Last week included a Valentine's surprise  It was to be a simple day for us because it was a busy week. However, about mid-day on February 14 a young mother and two sweet young sons walked into the Mission Office. She introduced herself as Natalie Ormond, Mike and Wendy's dear friend from the Yonker's Branch in New York. Her husband is in residency at Emory in Atlanta, and she came bearing roses and candy to wish us Happy Valentine's! What a sweet and happy expression of Christ-like love. Then we had a carrot cake surprise in the office and elders singing Feliz Cumpleanos for Sister Connors birthday. Later flowers came from the Clarks after attending a somewhat cold evening double overtime winning soccer game with them for granddaughter Maddie. More gifts arrived by FedEx from our children. Sweet February!

On Sunday we drove to Cornelia and attended Church with the Lundgrens.  They will be released in April. This is their fourth mission, one as mission president in Norway. Elder Lundgren is 82 years young!  We stayed and joined Sister Lundgren as she led choir practice and watched Elder Lundgren, the skilled CES instructor, lead Gospel Principles class. We toured the tiny town a bit, and enjoyed dinner together. It was a surprisingly cold day in Georgia (frozen fountains are rare), and a great Sunday. 

We worked in the Mission Office on the President's Day holiday to help with the mission audit and then left a bit early with Elder and Sister Atkins. We drove to Kennesaw to visit the Southern Civil War and Locomotive Museum. It's great satellite museum under the Smithsonian's oversight. The jewel of the museum is the General, whose factual story was told by Disney in The Great Locomotive Chase. The visitor's center at the Kennesaw Nat'l Battlefield was closed after our hour at the nearby locomotive museum, so we decided to return there another day. A light dinner killed some rush hour traffic delay time and ended a nice day.

Yesterday we attended a baptism in Roswell. We love Elder Astel and Elder Sarniguet and promised to visit them there before Elder Astel is released. They taught and baptized two Haitian families and five individuals after two months in the area. The Joseph family simply walked into the building one Sunday morning looking for a Church after the family had joined Dad who was already living in Georgia. Young Finley, a member for only a month, bore powerful testimony. Yesterday, the Pierre family (grandma and grandpa, 86 and 83, and in the US only two months) joined their daughter and two grandchildren in a truly "sweet" baptismal ceremony. Sister Connors enjoyed visiting with them a bit; they were pleased to meet someone who had been in their homeland. It was a time I wished I could remember my college French; but only words here and there surface. So many people in Georgia speak two languages that we often feel inadequate; hopefully as Utah becomes more diverse, the general population (and not just return-missionaries) will be bi-lingual. Wouldn't that be great?!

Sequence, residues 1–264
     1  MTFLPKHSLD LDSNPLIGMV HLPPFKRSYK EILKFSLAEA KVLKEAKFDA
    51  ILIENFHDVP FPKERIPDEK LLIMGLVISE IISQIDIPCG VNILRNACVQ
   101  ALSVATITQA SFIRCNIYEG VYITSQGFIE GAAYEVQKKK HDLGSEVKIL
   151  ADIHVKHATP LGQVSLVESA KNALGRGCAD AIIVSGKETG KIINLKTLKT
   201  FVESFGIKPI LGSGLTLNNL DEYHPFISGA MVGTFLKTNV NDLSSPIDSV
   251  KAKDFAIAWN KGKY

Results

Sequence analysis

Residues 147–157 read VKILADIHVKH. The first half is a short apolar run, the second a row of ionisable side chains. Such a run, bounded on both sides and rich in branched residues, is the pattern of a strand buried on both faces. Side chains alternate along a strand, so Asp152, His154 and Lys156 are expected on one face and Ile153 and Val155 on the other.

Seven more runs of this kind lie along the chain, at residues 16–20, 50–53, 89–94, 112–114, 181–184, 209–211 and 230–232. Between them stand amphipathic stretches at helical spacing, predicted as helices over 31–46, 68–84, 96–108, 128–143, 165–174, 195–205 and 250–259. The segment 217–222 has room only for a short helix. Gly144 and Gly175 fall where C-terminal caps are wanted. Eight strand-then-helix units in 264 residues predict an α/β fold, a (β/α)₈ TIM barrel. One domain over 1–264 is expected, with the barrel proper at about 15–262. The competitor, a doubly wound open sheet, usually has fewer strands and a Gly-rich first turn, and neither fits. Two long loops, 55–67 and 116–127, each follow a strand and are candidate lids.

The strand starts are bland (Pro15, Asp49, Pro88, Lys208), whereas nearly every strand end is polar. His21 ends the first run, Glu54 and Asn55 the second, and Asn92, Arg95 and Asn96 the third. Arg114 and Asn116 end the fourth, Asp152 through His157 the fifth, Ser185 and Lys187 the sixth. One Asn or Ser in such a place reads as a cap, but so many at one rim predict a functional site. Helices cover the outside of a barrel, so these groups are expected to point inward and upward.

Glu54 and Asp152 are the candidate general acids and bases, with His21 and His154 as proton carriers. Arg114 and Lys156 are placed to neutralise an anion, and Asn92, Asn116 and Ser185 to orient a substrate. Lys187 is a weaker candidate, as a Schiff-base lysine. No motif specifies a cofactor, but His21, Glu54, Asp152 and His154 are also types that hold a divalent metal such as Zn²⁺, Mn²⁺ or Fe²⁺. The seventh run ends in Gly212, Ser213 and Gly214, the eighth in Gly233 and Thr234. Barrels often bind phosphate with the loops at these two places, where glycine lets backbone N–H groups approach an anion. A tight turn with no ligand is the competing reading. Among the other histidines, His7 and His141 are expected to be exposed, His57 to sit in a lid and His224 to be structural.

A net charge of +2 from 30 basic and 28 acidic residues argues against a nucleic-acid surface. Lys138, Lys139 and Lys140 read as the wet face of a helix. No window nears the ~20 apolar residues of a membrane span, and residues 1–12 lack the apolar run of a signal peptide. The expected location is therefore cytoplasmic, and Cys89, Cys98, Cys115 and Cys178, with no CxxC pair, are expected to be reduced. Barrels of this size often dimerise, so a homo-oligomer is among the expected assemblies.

After the baptism we found our way to view the historic Morgan Falls Dam that backs up the Chattahoochee River as it approaches Atlanta.

Busy days, heavy rain, sun, and wind filled our week. Daffodils and a few pink blossoms hint that spring is on its way. Like life, our mission is web and flow, pace fast and slow, emotions sweet and sorrowful. All provide good and blessed gifts from our loving Savior. 

Sunday, February 10, 2013

Warm Hearts